“All those years, I thought I was unhappy. I don’t think anymore that I was,” Leo reflects early in The Eyes of a King, looking back on his teenage self.
Now, after 250 pages of military dictatorship, abusive teachers, missing parents, Leo being sick, Leo’s little brother being sick, kids getting drafted into the army, and heavy-handed foreshadowing of a tragic event that happens around the 225-page mark, and Leo brooding about all of these things? If this is Leo North when he’s happy, I don’t want to read on to see just how unhappy he gets, so I stopped.
Don’t get me wrong. I read all kinds of literature in which terrible things happen. I’m a George R.R. Martin fan, for crying out loud, and we all know how wantonly he slaughters his characters. In Martin’s books, though, there are qualities that keep me reading even when a favorite character bites it. I love his characters, I love his byzantine plotting, and there’s a streak of gallows humor that helps dissipate some of the misery.
In The Eyes of a King, these qualities are lacking. After 250 pages, I still don’t feel like I really know the characters, not even Leo, the narrator. I know he’s angry and that he loves his brother and hates school. He hasn’t really come alive for me, though. I gather that there’s an overarching plot somewhere, but so far it’s moving at a glacial pace and not really linking up effectively with Leo’s story. And Leo’s plot consists only of the aforementioned illness, abuse, and brooding. Oh, and a magical book that writes in itself, which is the device by which the larger plot is introduced. (Slowly.)
The magical book brings me to one of the least apt literary comparisons I’ve seen in a while. There’s a contingent of critics who are hailing Catherine Banner as the next J.K. Rowling. I really don’t get it. About the only thing the two writers have in common is the magical book. Leaving aside any debate over Rowling’s writing skills (as I have FanLit colleagues who love the series and others who hate it), there’s no similarity in mood between Harry Potter and The Eyes of a King. Rowling peppers her novels with comic relief. I’d like to introduce Catherine Banner to comic relief. It would break up the angstfest.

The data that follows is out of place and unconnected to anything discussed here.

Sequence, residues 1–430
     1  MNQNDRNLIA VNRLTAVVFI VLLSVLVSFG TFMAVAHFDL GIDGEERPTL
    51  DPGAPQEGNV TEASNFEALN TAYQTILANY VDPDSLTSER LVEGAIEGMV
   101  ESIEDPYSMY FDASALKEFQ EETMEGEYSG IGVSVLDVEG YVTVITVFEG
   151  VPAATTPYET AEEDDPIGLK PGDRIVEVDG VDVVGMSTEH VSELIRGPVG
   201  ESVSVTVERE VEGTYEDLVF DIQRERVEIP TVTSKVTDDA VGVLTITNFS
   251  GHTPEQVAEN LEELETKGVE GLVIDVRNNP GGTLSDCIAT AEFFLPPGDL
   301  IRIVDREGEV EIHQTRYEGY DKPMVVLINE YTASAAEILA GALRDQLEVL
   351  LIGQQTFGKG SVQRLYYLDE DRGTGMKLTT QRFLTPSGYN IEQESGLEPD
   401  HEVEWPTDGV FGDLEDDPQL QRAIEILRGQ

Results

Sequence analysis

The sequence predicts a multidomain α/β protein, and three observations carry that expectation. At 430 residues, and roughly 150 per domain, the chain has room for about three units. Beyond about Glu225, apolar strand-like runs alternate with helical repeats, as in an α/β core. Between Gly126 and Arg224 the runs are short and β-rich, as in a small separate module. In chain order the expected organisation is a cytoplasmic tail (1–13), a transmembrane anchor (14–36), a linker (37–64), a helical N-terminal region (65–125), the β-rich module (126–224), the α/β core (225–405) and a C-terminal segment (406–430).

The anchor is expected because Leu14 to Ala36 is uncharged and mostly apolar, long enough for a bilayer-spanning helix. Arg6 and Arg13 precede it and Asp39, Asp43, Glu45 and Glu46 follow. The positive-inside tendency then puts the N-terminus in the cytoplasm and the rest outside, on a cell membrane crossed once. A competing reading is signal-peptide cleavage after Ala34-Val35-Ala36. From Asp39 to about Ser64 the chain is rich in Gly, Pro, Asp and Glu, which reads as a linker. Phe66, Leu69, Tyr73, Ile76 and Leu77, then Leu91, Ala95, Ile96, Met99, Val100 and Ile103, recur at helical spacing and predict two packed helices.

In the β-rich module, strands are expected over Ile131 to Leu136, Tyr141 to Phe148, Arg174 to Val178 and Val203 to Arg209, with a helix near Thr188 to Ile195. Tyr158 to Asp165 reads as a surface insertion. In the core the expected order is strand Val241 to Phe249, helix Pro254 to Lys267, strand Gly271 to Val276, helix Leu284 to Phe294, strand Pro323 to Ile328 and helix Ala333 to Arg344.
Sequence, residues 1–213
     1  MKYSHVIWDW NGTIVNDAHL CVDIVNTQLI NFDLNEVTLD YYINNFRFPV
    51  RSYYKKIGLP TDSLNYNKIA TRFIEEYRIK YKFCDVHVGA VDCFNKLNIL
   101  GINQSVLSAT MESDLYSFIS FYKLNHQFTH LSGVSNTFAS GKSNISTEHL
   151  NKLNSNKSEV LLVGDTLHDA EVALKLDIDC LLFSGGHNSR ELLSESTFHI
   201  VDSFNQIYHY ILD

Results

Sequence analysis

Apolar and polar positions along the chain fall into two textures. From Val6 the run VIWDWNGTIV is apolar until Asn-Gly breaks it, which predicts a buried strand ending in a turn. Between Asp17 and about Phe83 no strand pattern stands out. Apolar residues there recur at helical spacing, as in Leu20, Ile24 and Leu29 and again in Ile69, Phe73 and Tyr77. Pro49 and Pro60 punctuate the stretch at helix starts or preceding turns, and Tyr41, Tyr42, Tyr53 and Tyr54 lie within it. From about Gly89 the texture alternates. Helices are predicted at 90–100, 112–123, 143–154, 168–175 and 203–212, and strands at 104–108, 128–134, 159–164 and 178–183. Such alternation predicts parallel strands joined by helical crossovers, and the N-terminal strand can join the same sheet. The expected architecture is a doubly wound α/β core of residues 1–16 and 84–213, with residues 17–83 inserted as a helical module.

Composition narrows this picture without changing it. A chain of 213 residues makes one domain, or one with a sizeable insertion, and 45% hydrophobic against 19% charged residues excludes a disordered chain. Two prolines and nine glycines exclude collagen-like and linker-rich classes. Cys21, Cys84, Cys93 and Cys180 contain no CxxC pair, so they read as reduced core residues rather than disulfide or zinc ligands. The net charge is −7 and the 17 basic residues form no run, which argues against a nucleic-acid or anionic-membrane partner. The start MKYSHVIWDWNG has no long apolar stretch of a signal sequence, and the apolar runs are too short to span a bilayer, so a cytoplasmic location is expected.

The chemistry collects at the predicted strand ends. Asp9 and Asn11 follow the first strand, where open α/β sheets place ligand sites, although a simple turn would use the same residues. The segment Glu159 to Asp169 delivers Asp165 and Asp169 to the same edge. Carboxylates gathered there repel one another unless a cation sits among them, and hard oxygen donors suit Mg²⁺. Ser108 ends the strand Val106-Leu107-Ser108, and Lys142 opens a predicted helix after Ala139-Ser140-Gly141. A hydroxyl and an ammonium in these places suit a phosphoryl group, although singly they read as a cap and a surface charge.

As it is, the angst is so relentless that it feels manipulative. All authors strive to manipulate our emotions, but when it’s being done well, we don’t notice our chains are being yanked. There’s a scene in The Eyes of a King in which Leo attempts to save the day by doing something extraordinary, only to miss the window of opportunity by a matter of a few minutes. An excellent writer would have me thinking “What tragic bad luck!” Instead, the first thought that popped into my mind was “Banner’s trying to pull my strings by making Leo’s failure so narrow.”
Another issue is dialogue. The dialogue is oddly stilted in places. In particular, Banner doesn’t use contractions as often as most people do. This makes a kind of sense in the case of the wizard and the grandmother. But I don’t know too many children or teenagers who would say, “At least you are not stuck at home forever with a demon baby,” or “I wish you would not go there,” or “But do you not think that everywhere you search, someone else will have searched first?” If it were a consistent quirk, I’d just think, “Oh, I guess people don’t use contractions in Malonia.” It’s not consistent, though, and is sometimes mixed strangely with colloquialisms: “I did not used to, but I was wrong.” It feels like someone told Banner that fantasy needs to sound “elevated,” and that she hasn’t gotten the knack of elevated writing yet.
I don’t think I like this recent trend of publishing teen authors before they’ve had a chance to hone their skills and get some life experience. It’s not that Banner is a bad writer. She’s got a lot of potential and I’m curious about how she will develop as a writer. I just don’t think it does anyone any good to be catapulted into writing fame at such a young age, and to have one’s very first attempt distributed far and wide. Once the public gets its hands on a book, there are going to be critics who hail the book as genius, and there are going to be critics who are extremely harsh, and I worry that we’re creating a crop of young writers who will either come to believe that their every word is golden or that they are utter hacks, all before they’ve really achieved what they’re capable of. Banner is not bad, and I applaud her for finishing a novel in her teens. It’s pretty good, considering her age, but I think it would be a better book if she’d sat on it for a few years and revisited it with, well, the eyes of a more experienced writer and reader.